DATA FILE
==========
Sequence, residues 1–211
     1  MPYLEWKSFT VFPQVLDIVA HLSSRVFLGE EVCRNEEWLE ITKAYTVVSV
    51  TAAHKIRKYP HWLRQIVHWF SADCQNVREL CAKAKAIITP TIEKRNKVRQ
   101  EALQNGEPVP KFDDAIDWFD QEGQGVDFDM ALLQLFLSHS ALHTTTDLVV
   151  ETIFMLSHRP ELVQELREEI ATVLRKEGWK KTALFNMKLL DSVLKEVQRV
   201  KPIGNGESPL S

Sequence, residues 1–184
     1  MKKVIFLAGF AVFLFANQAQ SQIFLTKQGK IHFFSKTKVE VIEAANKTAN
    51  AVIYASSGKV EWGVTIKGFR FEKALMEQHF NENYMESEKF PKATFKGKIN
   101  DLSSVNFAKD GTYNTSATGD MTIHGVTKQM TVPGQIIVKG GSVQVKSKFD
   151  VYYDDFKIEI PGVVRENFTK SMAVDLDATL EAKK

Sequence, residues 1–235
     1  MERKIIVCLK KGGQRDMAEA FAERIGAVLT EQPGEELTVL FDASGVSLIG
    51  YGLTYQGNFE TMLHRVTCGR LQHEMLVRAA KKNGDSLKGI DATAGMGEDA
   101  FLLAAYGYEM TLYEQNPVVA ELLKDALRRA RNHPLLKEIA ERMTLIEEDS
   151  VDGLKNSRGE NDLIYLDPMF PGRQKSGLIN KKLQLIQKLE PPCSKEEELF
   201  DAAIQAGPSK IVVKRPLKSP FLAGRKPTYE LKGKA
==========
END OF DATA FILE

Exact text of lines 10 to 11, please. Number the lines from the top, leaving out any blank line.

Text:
   101  DLSSVNFAKD GTYNTSATGD MTIHGVTKQM TVPGQIIVKG GSVQVKSKFD
   151  VYYDDFKIEI PGVVRENFTK SMAVDLDATL EAKK